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Re^3: Perl array declaring

by BillKSmith (Chaplain)
on Jun 01, 2013 at 20:55 UTC ( #1036500=note: print w/ replies, xml ) Need Help??


in reply to Re^2: Perl array declaring
in thread Perl array declaring

Variables can be declared as many times as you like...
True only for global variables, and even then, not without warnings. Change your 'our' to 'my' and your program no longer works. You are creating new variables with the same name. Warnings inform you that the new variable masks an earlier declaration.
Bill


Comment on Re^3: Perl array declaring
Re^4: Perl array declaring
by Laurent_R (Parson) on Jun 01, 2013 at 22:09 UTC

    Variables can be declared as many times as you like...

    True only for global variables, and even then, not without warnings. Change your 'our' to 'my' and your program no longer works. You are creating new variables with the same name. Warnings inform you that the new variable masks an earlier declaration.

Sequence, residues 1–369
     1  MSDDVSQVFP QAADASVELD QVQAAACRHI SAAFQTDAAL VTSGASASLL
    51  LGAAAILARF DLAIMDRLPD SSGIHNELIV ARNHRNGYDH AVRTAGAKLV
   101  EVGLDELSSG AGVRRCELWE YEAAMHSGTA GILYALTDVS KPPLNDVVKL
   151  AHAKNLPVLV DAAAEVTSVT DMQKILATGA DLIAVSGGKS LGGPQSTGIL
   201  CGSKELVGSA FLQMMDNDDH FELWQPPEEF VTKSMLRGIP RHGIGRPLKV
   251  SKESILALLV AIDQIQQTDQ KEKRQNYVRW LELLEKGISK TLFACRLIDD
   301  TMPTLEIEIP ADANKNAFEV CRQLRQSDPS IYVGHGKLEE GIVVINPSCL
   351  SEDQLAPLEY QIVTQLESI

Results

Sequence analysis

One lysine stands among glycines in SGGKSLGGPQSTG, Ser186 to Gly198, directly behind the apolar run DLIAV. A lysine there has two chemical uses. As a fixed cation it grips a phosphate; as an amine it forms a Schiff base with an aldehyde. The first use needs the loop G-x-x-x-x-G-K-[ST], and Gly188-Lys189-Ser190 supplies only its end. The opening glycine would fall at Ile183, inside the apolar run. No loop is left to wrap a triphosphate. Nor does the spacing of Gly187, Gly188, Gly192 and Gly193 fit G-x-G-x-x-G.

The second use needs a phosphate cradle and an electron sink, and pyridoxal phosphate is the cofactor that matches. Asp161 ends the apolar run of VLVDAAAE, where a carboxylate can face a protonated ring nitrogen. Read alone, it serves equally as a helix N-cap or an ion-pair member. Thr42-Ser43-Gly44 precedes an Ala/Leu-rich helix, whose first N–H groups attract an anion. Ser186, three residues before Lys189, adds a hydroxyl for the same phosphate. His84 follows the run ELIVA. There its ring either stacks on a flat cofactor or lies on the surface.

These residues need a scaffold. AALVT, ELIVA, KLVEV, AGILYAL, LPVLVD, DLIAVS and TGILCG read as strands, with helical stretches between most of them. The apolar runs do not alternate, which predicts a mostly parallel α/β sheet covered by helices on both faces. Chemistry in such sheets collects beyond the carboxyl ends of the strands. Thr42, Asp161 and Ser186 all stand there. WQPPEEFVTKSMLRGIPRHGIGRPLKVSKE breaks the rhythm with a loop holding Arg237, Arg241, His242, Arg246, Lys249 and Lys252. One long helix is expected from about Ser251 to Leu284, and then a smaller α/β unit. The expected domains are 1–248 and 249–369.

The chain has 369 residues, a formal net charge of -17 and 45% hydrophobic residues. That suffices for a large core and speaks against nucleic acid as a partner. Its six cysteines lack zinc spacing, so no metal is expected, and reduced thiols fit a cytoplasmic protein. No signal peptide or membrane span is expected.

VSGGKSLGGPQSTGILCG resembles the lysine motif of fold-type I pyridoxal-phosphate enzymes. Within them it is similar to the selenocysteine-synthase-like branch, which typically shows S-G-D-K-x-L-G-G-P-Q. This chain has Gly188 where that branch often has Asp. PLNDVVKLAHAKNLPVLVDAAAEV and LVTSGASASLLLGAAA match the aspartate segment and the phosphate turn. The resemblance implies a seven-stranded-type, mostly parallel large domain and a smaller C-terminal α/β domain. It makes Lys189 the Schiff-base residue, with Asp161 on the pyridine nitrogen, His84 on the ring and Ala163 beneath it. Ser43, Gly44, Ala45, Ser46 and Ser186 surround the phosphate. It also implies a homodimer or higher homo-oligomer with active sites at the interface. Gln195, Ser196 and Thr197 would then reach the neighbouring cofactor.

I surely understand what you meant to say and agree with what you intended to say, Bill, but lexical variables can indeed be declared as many times as you like, provided they are not declarred in the same lexical scope. For example, the following code declares the same lexical variable four times without any error or warning:

    use strict; use warnings; my $var = 1; { my $var = 2; print $var, "\n", } print "$var \n"; foreach my $var (1..5) { print $var, "\n"; } print double(7); sub double {my $var = shift; return 2 * $var;}

    and happily prints:

    $ perl scope.pl 2 1 1 2 3 4 5 14

    Which does not mean at all that I recommend doing that. It can be done, and is useful sometimes, but we should avoid leading to obfuscation.

      In Tobyink's example, there is only one global variable, $foo. Use of 'use warnings' would have warned about multiple declarations. Change every 'our' to 'my' and the warning changes to reflect new variables masking the old.

      In your case, you also have multiple variables with the same name, but in different scopes. As you said, this is sometimes useful, but you should not think of it as multiple declarations of the same variable.

      Bill

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